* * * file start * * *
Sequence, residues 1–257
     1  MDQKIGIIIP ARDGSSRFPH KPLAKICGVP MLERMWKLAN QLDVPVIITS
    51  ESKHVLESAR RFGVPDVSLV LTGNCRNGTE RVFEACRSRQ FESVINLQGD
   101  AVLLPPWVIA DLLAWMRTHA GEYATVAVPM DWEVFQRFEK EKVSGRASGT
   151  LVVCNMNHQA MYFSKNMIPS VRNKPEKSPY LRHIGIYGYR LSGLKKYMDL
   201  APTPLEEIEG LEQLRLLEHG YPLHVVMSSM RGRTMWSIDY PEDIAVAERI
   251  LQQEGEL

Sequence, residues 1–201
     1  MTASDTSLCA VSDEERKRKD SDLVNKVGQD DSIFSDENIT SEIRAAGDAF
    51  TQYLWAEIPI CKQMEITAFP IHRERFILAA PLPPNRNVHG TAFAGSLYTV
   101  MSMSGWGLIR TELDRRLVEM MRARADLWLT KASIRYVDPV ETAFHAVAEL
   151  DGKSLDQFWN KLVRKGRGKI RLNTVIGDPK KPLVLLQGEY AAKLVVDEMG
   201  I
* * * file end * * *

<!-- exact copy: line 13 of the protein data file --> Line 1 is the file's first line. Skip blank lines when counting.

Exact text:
   201  I